There was an historic feel to the air in the Knoxville Convention Center Wednesday night, as a sold-out crowd of more than 1,300 showed up to honor one of Knoxville’s favorite sons. Todd Helton was the guest of honor at the 16th annual Tennessee Baseball Leadoff Banquet, and the event was highlighted by the retirement of Helton’s No. 3 UT baseball jersey.
In addition to his number retirement, Helton also became the 17th all-time inductee into the Tennessee Baseball Hall of Fame, enshrined by UT Athletic Director Mike Hamilton.
“Todd Helton is the most decorated and arguably the greatest player in the history of the Volunteers program,” Hamilton said. “His legendary achievements at both the collegiate and professional levels are unparalleled by any player ever to don the Orange & White.”
First-year head coach Todd Raleigh spoke to the crowd in anticipation of the 2008 season and also introduced the current team. Prior to Helton’s number retirement and hall-of-fame induction, Raleigh read a proclamation by Knoxville Mayor Bill Haslam that officially declared Jan. 30, 2008, “Todd Helton Day.”
It was also announced Wednesday night that Tennessee is planning an “All-Century Team” promotion during the upcoming season. Baseball fans will have the opportunity to vote on UT’s All-Century Team at home SEC games as well as online at UTsports.com this spring. The 2009 season marks the 100th season of varsity baseball at Tennessee.
Another highlight to the evening was a nearly 30-minute question-and-answer session between Helton and Master of Ceremonies John Wilkerson. Among the topics discussed was the growing number of UT alumni in Major League Baseball.
“There’s getting to be more and more of them, and it’s exciting,” Helton said. “And we all have that one thing in common. Any stadium I go to—American League, National League, anywhere—I’ll see a person wearing some sort of orange UT paraphernalia. It’s like a fraternity, and not all schools have that.”
Well-known as one of the game’s purest natural hitters, Helton also spoke about his days as a standout pitcher at UT.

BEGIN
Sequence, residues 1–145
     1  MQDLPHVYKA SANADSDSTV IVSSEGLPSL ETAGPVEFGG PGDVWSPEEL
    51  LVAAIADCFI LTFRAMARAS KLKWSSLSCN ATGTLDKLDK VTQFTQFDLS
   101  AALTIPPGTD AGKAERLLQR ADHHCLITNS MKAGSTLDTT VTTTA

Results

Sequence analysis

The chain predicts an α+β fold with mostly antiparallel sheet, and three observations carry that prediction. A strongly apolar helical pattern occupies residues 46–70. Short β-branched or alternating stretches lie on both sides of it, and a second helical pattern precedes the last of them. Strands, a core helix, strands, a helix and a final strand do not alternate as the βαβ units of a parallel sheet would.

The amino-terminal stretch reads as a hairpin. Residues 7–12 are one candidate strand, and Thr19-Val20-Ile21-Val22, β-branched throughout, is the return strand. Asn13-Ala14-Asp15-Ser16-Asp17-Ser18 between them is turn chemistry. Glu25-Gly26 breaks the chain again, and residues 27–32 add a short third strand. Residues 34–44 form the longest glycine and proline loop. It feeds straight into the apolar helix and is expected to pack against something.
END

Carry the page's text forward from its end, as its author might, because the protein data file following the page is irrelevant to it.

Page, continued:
“I don’t know how I got guys out,” Helton said. “I didn’t have that good of stuff. I threw any pitch at any time. But I had a real distinct advantage because I knew how hard hitting was. Knowing that, I went right at guys.”
Helton likened the Colorado Rockies dramatic run to the 2007 World Series to his days as a collegiate star at Tennessee.
“We played like a college team (this past season),” Helton said. “Every out was important to us. That made it really memorable and fun.”
Though he was unable to attend the event in person, Rockies manager Clint Hurdle sent his congratulations to Helton via a video message that was played during the banquet. Vice President of Scouting Bill Schmidt and National Cross-Checker Ty Coslow represented the Rockies organization at the event.
In addition to numerous family members, many other locals with ties to Helton’s past were present at the event. His former coach at Knoxville Central High School, Bud Bales, was on hand with many of Helton’s high school teammates. Former Vols assistant coach Larry Simcox, Helton’s infield coach at Tennessee, also was in the crowd along with former UT head coaches Bill Wright, John Whited and Mark Connor.
Current Vols pitcher Aaron Everett, a junior pitcher from Loudon, Tenn., wore No. 3 the past two seasons and was given the option of finishing out his UT career in that number. Out of respect for Helton, however, Everett appeared in a No. 9 jersey Wednesday night—marking a permanent switch that ensures No. 3 will never again be worn by a Volunteers baseball player.
Raleigh, Everett and rest of the 2008 Volunteers open UT’s 99th season of baseball with a three-game series against Morehead State Feb. 22-24 at Lindsey Nelson Stadium. For season tickets, call (865) 656-1200.